Mucinous carcinomas typically show a range of histologic and cytologic findings inclusive of borderline or atypically proliferating neoplasms (stratification of 2-3 cell layers, atypia, mitoses), but additionally have foci of cribriforming, severe nuclear atypia, confluent growth, or frank invasion. 'Invasion' can be manifested by two patterns, which may or may not coexist. The commonest is confluent glandular growth and expansile growth, with minimal intervening stroma, resulting in reticulated or complex patterns. Destructive stromal invasion with a frankly malignant appearance is helpful for diagnosis, but less commonly seen. Invasion of either pattern must exceed 5.0 mm in linear extent or 10.0 mm2 for a diagnosis of 'invasive carcinoma'; otherwise a designation of microinvasion is more appropriate. Foci of anaplastic frankly malignant invasive tumor are more likely to be found in cases with definitive destructive stromal invasion and typically do not present a diagnostic dilemma. The finding of invasive or microinvasive foci should prompt submission of additional sections for histologic examination.

Rare tumors manifest mural nodules, which are solid, cellular areas exhibiting benign or malignant mesenchymal features. Benign nodules may resemble leiomyomas or rhabdomyomas; malignant nodules may suggest chondrosarcoma or other high-grade sarcomas. Immunoevaluation has revealed some of these to be carcinosarcomas or spindle cell carcinomas.

Immunoevaluation of intestinal type mucinous carcinomas reveals tumor cells expressive of cytokeratins 7 and 20, CEA, and CDX2. CA 19.9 is usually strongly positive, and CA-125 is typically not expressed. Molecular studies show high incidence of KRAS mutations, similar to low-grade serous carcinomas of the ovary, but BRAF mutations are unusual. Unlike other ovarian carcinomas, mucinous tumors show no association with BRCA1 or BRCA2 germline or somatic mutations.

The prognosis of primary mucinous carcinomas is generally good for low-grade, low-stage tumors, which constitute the great majority of cases. Recurrences tend to occur most commonly in patients with destructive stromal invasion and usually are localized pelvic disease: when this occurs, the prognosis becomes more ominous. Most patients do not respond well to chemotherapy.

Mucinous cystadenomas show cystic spaces lined by mucinous epithelial cells with a generally banal histologic appearance and constitute the vast majority of mucinous cystic neoplasms (80%). They may be uni- or multilocular but tend toward the latter. Absence of cytologic atypia, mitotic activity, and stratification is a requirement to distinguish cystadenomas from borderline or atypically proliferating mucinous tumors. As emphasized previously, extensive sampling, particularly in larger neoplasms, is essential to exclude foci of de-differentiation. In contradistinction to low and high grade serous tumors, there is reasonably good evidence that mucinous tumors do follow an adenoma-carcinoma continuum sequence, with carcinomas and/or low malignant potential tumors deriving from adenomas.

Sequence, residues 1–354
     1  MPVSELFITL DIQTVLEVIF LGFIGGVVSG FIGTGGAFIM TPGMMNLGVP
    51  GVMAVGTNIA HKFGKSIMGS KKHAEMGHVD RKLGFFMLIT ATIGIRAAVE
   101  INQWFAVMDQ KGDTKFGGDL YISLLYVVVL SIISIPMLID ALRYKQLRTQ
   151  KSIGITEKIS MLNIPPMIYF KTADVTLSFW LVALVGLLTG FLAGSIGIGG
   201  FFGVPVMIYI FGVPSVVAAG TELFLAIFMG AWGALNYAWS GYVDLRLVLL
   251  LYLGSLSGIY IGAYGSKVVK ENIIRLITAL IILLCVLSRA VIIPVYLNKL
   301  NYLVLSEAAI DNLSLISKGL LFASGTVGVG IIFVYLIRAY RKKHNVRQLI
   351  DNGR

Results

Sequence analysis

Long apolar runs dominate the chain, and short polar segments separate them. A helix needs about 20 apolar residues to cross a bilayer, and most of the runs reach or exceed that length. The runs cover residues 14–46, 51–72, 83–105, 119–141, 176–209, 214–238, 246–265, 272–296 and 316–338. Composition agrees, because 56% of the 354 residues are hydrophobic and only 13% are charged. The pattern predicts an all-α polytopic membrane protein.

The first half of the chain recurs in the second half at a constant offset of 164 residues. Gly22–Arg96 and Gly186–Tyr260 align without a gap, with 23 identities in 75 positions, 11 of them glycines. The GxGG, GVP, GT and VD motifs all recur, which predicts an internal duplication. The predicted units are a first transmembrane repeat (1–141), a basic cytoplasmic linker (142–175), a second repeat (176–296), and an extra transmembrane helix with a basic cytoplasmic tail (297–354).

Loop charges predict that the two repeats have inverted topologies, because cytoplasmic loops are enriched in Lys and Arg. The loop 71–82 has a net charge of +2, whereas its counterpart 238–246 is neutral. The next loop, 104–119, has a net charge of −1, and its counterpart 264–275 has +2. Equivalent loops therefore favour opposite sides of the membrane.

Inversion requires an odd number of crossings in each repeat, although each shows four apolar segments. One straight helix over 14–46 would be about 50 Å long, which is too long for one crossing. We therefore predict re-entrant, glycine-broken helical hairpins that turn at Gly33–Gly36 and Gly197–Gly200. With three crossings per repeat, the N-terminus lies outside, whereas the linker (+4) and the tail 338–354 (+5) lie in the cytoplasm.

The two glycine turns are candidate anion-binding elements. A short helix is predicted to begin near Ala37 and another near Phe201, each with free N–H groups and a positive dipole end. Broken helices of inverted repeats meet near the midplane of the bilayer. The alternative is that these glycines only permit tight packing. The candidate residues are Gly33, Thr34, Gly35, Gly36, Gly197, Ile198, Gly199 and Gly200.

Metastatic mucinous carcinoma typically derives from the gastrointestinal tract. These tumors are more apt to be bilateral and exhibit other features which provide clues to the metastatic origin, particularly when so-called 'dirty' or 'necklace' type necrosis is seen. The presence of signet ring cells should raise suspicion for a classic 'Krukenberg' tumor (metastatic gastric carcinoma). Whereas bilateral metastatic ovarian carcinomas are often casually referred to as Krukenberg tumors by clinicians, the term should be reserved for metastatic gastric malignancies. Features favoring metastatic origin of mucinous carcinoma in the ovary are summarized below:

  • Bilateral ovarian involvement
  • Multi-nodular and variable patterns of ovarian involvement
  • Microscopic surface implants
  • Lymphovascular invasion (especially extra-ovarian or hilar)
  • 'Signet ring' forms
  • Infiltrative cords and strands of malignant cells
  • Cells 'floating' in mucin
  • Extraovarian spread

Immunoevaluation will typically show more intense expression of cytokeratin 20, particularly in tumors of colonic origin, than in primary mucinous tumors; but there can be extensive overlap and this marker, alone, may not be an effective discriminator. It is now well-accepted that PMP or diffuse abdominal/peritoneal mucinosis, is a complication of a primary appendiceal mucinous carcinoma. These may also involve the ovary and frequently present as a unilateral or bilateral ovarian masses. The finding of an ovarian mass co-existing with PMP should prompt evaluation of the appendix for a primary tumor site.